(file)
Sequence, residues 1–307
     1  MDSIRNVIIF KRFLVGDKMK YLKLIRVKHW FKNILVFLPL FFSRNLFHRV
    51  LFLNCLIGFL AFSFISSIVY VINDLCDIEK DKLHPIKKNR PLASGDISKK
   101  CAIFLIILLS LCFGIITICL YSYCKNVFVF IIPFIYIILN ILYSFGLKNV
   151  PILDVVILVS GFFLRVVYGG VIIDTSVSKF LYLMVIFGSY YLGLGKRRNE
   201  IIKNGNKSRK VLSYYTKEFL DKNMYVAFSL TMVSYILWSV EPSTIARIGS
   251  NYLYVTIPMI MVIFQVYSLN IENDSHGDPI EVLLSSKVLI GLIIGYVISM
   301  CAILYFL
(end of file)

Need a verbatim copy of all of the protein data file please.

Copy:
Sequence, residues 1–307
     1  MDSIRNVIIF KRFLVGDKMK YLKLIRVKHW FKNILVFLPL FFSRNLFHRV
    51  LFLNCLIGFL AFSFISSIVY VINDLCDIEK DKLHPIKKNR PLASGDISKK
   101  CAIFLIILLS LCFGIITICL YSYCKNVFVF IIPFIYIILN ILYSFGLKNV
   151  PILDVVILVS GFFLRVVYGG VIIDTSVSKF LYLMVIFGSY YLGLGKRRNE
   201  IIKNGNKSRK VLSYYTKEFL DKNMYVAFSL TMVSYILWSV EPSTIARIGS
   251  NYLYVTIPMI MVIFQVYSLN IENDSHGDPI EVLLSSKVLI GLIIGYVISM
   301  CAILYFL